Using a human-centred design process, Duke aims to develop a more woman-centric screening and treatment options available.
January is considered to be Cervical Health Awareness Month, and this year, that designation has special significance for Nimmi Ramanujam, professor of biomedical engineering and global health and director of the Centre for Global Women’s Health Technologies. Incidentally, 20 of these devices were produced for distribution to international partners.
The pocket colposcope is currently being used in clinical investigations in hospitals in the United States (112 patients), Peru (149 patients), Kenya (100 patients) and Tanzania (27 patients), and will soon be implemented in studies in Honduras.
Figure 1: The controls on the pocket colposcope were designed to be easy to use with one hand during the examination.
Ramanujam will present the team’s findings in Lima, Peru, in May, as she and her team are currently working through the regulatory process for the pocket colposcope. Part of this research is to secure further grants and engage more students and faculty. In fact, this spring and summer, through the Bass Connections programme at Duke, a faculty-student research team will be exploring how to increase adoption, distribution and acceptance of the device in Peru.
Partners are integral to the colposcope’s success.
The Duke team couldn’t have gotten this far without the help of a network of collaborators who have been using and providing feedback on earlier versions of the pocket colposcope from Peru to India.
The Duke team is trying to form new partnerships for population-level studies in low and middle income countries. “Our partners who use the device in their communities are the ones who will demonstrate its impact to prevent cervical cancer,” said Ramanujam.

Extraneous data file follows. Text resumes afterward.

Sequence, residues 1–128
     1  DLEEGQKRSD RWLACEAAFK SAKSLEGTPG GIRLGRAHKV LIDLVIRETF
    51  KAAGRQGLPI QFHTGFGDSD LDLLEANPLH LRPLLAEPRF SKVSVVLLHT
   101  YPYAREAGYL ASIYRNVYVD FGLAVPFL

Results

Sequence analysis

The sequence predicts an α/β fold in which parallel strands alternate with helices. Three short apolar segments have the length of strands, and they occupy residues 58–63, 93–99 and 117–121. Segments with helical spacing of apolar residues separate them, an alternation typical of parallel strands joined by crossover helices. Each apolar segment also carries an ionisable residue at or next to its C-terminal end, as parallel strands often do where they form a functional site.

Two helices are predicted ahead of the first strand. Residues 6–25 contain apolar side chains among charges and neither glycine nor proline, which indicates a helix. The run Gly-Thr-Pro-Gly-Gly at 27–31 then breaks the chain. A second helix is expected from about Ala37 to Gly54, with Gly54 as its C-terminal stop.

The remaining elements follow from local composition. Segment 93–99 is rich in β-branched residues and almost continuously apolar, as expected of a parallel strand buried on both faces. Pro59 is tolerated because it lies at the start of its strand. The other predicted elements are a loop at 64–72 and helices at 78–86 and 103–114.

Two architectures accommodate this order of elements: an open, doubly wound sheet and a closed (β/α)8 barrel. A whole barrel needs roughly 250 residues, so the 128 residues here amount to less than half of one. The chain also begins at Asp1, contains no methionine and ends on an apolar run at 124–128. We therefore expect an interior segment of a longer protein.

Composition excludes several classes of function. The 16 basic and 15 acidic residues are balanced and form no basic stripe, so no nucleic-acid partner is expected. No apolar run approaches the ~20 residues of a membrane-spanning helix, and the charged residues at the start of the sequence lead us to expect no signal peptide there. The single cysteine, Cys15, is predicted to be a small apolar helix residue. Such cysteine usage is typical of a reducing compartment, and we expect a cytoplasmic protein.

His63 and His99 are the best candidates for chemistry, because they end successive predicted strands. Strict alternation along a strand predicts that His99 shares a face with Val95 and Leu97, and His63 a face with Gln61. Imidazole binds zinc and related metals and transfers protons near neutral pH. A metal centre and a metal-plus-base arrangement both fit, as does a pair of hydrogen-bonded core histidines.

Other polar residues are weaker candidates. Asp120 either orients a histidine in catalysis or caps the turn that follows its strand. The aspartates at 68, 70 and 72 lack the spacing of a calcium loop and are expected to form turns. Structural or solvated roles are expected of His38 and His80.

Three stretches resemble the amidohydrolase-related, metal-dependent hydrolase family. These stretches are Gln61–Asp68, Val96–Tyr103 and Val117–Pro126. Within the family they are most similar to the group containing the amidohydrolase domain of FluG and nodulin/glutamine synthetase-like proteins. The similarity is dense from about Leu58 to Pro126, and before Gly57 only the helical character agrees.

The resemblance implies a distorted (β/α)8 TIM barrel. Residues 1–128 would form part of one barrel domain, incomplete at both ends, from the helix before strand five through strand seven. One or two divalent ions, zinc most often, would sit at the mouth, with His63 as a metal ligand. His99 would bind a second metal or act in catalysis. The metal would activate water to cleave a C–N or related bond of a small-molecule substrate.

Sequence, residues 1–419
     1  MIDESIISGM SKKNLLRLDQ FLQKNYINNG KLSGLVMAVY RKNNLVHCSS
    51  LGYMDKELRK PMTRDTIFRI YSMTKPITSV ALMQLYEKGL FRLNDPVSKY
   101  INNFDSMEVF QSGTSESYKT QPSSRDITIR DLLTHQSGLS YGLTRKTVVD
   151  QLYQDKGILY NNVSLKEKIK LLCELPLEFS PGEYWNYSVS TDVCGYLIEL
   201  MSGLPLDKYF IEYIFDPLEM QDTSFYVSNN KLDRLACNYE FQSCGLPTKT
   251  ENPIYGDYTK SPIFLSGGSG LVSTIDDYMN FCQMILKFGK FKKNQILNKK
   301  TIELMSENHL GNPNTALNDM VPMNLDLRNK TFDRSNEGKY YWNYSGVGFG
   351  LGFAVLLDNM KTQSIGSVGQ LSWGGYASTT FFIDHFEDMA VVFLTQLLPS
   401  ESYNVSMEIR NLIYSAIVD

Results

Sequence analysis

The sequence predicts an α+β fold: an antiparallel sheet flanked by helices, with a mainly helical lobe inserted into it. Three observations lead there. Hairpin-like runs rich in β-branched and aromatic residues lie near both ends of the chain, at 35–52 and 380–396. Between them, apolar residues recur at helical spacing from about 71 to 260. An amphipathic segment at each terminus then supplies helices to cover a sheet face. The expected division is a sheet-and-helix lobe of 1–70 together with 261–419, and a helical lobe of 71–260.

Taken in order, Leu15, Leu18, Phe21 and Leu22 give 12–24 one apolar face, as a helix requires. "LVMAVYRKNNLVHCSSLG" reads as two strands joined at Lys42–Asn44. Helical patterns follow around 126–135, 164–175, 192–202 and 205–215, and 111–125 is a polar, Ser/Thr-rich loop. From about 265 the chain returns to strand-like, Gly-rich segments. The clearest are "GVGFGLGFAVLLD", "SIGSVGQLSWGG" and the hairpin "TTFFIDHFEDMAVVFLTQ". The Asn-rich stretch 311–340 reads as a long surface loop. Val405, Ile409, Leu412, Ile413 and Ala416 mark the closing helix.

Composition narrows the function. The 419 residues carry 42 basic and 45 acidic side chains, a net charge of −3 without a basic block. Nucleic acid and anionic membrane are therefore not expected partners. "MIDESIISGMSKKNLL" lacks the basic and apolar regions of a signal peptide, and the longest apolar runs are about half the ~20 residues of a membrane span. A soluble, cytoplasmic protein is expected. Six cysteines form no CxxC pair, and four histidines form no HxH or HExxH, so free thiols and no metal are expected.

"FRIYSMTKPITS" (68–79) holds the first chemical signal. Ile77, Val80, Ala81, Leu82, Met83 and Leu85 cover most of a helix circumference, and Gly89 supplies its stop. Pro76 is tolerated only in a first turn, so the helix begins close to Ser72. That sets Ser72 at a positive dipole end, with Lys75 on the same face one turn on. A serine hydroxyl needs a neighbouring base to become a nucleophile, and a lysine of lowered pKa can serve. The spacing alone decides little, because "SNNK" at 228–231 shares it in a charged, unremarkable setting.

One such partner is Jose Jeronimo, senior advisor for women's cancers at PATH, who has been working closely with Ramanujam’s team since the beginning of this project. “The only way we will reduce the burden of cervical cancer in developing countries is by creating simple devices at an affordable price that can be deployed in areas with limited resources,” said Jeronimo, who has used previous versions of the device in research studies in the field. “The Pocket Colposcope is one brilliant device that fits perfectly with the work we need to do in those areas. Millions of women will benefit from this device, and many lives will be saved.”
The team’s work hasn’t ended at the colposcope. Using a human-centred design process—an approach driven by the needs identified by individuals who will be using the product—they’ve developed a more woman-centric replacement for a traditional speculum. Traditional speculums can be uncomfortable, and women’s aversion to them can be a barrier to seeking care, so a more comfortable instrument could increase screening uptake. The device is currently in clinical testing; in a volunteer study, it was strongly preferred over the speculum.
Figure 2: The speculum-free inserter next to a penny, shown for scale.
The team is also developing a low-cost cervical cancer treatment that delivers gelatinous ethanol to the lesion site. This method does not need electricity or hard-to-obtain products that are required for traditional treatment approaches.
“Many people in low-resource settings don’t have access to cervical cancer treatment,” said Ramanujam, “so we can’t just develop screening technologies. We have to think through the entire process and see what we can do to make screening and treatment options available.”